Lot of 7 cards by James Pressley Ball and his son when they moved their studios out west, comprising:
Cabinet card studio portrait of a toddler. J.P. Ball & Son: Helena, Montana, n.d., circa 1888. 129 Broadway and 211 North Main St. imprint on recto. The young child wears a flamboyant ruffled hat and matching white dress.
Cabinet card studio portrait of a family of five. J.P. Ball & Son: Helena, n.d., circa 1888. 129 Broadway and 211 North Main St. imprint on recto. The parents are seated with their youngest child between them; their two older children standing at their sides affectionately putting their arms around their parents.
Cabinet card studio portrait of a family of eight. J.P. Ball & Son: Helena, n.d., circa 1890. Main St. Near 6th and Helena Ave. imprints on recto and verso. An artfully arranged extended family portrait with the wife holding the youngest child on her lap seated next to her possible father-in-law. Her husband stands behind them flanked by his four daughters.
Cabinet card studio portrait of a young girl. J.P. Ball & Son: Helena, n.d., circa 1890. Main St. Near 6th and Helena Ave. imprints on recto and verso. A girl wearing a dark pleated skirt and light skirt stands next to a rustic fence and a plant growing out of a can.
Cabinet card studio portrait of a young woman and an infant. J.P. Ball & Son's Globe Photo Studio: Seattle, Washington, n.d., circa 1892-1902. 910 Second St. imprint on recto. Inscribed to verso: "Estelle age 5 yrs / Eunice age 5 months / For, / Aunt Louisa."
Cabinet card studio portrait of a standing gentleman wearing a suit, holding a cane and a book, with an extravagantly twirled mustache. J.P. Ball & Son's Globe Photo Studio: Seattle, n.d., ca 1892-1902. 910 Second St. imprint on recto.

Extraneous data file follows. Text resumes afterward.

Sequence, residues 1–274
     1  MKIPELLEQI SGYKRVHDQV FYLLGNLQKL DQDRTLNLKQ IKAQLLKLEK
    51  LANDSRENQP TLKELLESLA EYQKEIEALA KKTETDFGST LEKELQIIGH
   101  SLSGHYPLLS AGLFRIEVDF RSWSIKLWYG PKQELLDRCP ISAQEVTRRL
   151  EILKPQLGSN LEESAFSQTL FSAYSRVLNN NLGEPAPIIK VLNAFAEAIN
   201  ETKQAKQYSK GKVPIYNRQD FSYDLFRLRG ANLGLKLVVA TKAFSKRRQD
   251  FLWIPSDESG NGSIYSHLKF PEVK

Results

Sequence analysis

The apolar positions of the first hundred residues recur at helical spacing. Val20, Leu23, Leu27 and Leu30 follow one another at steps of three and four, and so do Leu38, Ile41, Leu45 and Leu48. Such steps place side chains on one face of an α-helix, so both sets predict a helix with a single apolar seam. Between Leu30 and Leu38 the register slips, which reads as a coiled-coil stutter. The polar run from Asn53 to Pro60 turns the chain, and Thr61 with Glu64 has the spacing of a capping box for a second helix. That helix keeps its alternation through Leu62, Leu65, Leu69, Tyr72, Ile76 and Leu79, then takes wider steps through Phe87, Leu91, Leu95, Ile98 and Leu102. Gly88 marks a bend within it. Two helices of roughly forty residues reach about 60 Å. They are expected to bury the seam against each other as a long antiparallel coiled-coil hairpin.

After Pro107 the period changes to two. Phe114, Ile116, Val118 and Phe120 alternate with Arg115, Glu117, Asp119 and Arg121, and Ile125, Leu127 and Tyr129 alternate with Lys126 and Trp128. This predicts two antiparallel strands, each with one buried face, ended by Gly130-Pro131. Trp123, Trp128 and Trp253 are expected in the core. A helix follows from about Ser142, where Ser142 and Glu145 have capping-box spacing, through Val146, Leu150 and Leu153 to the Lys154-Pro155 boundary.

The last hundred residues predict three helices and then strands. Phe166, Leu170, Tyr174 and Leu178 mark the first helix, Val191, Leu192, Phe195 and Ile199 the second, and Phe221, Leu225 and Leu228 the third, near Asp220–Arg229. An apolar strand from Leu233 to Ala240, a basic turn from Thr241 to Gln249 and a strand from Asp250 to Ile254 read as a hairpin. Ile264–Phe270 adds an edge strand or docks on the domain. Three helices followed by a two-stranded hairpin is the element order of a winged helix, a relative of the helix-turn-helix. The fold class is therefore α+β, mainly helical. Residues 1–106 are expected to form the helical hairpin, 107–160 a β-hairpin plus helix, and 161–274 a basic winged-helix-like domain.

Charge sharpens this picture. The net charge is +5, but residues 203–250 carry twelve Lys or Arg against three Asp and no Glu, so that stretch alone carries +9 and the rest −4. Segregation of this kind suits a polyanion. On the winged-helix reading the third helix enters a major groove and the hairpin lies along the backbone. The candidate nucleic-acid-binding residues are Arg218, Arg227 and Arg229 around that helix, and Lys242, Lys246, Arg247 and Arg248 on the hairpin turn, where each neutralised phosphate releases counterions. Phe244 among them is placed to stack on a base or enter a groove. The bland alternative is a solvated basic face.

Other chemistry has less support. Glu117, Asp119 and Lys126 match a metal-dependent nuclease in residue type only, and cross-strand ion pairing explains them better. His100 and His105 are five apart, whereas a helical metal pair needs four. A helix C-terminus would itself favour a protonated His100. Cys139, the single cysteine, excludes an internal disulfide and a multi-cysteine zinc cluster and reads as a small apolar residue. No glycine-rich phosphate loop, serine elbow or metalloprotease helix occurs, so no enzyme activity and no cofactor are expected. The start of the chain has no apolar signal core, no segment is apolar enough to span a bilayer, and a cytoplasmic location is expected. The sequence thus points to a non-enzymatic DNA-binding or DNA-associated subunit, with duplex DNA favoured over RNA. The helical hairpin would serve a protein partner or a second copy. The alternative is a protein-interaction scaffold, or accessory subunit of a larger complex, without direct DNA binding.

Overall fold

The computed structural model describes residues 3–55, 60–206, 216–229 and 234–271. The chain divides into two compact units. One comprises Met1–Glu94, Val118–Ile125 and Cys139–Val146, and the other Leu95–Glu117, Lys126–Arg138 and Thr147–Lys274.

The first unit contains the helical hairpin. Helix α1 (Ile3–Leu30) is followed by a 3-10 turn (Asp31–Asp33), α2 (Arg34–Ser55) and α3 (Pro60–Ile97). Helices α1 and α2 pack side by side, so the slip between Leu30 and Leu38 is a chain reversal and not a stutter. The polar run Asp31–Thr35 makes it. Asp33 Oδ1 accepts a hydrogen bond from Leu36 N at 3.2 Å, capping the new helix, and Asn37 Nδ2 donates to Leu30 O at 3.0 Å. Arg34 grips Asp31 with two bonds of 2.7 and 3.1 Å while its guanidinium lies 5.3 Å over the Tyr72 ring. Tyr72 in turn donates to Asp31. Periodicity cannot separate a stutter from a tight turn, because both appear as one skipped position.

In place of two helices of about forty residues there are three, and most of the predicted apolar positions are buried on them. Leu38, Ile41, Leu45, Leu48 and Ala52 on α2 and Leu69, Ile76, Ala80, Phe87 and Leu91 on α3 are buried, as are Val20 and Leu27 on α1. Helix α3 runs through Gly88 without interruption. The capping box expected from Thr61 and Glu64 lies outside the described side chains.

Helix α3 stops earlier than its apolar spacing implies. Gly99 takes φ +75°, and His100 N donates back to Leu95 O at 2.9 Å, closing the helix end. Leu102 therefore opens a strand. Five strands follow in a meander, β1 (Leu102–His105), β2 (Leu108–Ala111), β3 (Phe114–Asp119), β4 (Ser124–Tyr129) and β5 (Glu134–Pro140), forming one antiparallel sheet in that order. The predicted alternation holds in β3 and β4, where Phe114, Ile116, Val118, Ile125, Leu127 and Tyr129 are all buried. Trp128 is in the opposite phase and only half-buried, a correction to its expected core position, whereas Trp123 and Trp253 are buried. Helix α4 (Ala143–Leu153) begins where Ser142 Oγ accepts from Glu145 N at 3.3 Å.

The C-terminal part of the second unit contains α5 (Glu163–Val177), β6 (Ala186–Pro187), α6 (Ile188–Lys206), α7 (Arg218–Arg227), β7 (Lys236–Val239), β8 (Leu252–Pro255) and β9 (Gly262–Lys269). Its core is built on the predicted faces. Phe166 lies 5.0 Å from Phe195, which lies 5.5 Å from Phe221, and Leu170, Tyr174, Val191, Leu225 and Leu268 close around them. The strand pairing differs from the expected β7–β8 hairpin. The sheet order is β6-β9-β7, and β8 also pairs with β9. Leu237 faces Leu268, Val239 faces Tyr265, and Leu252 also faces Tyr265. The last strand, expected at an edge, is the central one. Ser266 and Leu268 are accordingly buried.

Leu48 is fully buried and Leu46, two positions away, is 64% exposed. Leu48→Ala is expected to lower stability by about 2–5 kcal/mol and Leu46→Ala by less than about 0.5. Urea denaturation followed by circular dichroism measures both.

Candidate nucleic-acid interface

Cabinet card lightly vignetted studio portrait of an infant. Ball & Sons: Seattle, n.d., circa 1890. 106 Columbia St. imprint on recto. The baby wears a long white christening robe, nestled on a cloth-covered rest.
James Presley Ball (1825-1904) is one of the most renowned African American photographers at one point owning the largest photographic gallery west of the Appalachians. When visiting White Sulphur Springs, Virginia in 1845 he met John B. Bailey, an African American daguerreotypist from Boston where he acquired the passion and skill of photography. He opened a studio in Cincinnati later that year, and though it was unsuccessful, he continued his art with studios in Pittsburgh and Richmond and traveled as an itinerant daguerreotypist. In 1849, he reopened a studio in Cincinnati. He hired his younger brother Thomas Ball to work as an operator, and in 1852 hired his future brother-in-law Alexander Thomas to work with him. By 1857, their gallery was one of the grandest in the United States attracting notables including Frederick Douglass. In 1887 Ball was chosen as the official photographer of a celebration of the 25th anniversary of the Emancipation Proclamation held in Minneapolis-St. Paul. In 1888, he moved to Helena, Montana with his son where he operated a studio for several years before moving again in 1892 to Seattle.
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